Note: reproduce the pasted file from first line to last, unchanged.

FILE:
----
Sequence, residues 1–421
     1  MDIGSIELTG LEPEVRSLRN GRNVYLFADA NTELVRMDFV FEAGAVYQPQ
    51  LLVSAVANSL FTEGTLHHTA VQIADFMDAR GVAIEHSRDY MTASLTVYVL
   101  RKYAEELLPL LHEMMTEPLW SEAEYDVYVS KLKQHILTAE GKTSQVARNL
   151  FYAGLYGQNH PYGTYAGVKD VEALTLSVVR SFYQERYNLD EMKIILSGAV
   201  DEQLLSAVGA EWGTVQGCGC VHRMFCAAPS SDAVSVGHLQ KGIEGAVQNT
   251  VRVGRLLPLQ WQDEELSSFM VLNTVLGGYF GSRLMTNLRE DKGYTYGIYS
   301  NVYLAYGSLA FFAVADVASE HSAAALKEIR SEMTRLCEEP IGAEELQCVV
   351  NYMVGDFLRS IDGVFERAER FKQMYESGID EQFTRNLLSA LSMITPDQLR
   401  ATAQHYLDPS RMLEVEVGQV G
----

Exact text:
Sequence, residues 1–421
     1  MDIGSIELTG LEPEVRSLRN GRNVYLFADA NTELVRMDFV FEAGAVYQPQ
    51  LLVSAVANSL FTEGTLHHTA VQIADFMDAR GVAIEHSRDY MTASLTVYVL
   101  RKYAEELLPL LHEMMTEPLW SEAEYDVYVS KLKQHILTAE GKTSQVARNL
   151  FYAGLYGQNH PYGTYAGVKD VEALTLSVVR SFYQERYNLD EMKIILSGAV
   201  DEQLLSAVGA EWGTVQGCGC VHRMFCAAPS SDAVSVGHLQ KGIEGAVQNT
   251  VRVGRLLPLQ WQDEELSSFM VLNTVLGGYF GSRLMTNLRE DKGYTYGIYS
   301  NVYLAYGSLA FFAVADVASE HSAAALKEIR SEMTRLCEEP IGAEELQCVV
   351  NYMVGDFLRS IDGVFERAER FKQMYESGID EQFTRNLLSA LSMITPDQLR
   401  ATAQHYLDPS RMLEVEVGQV G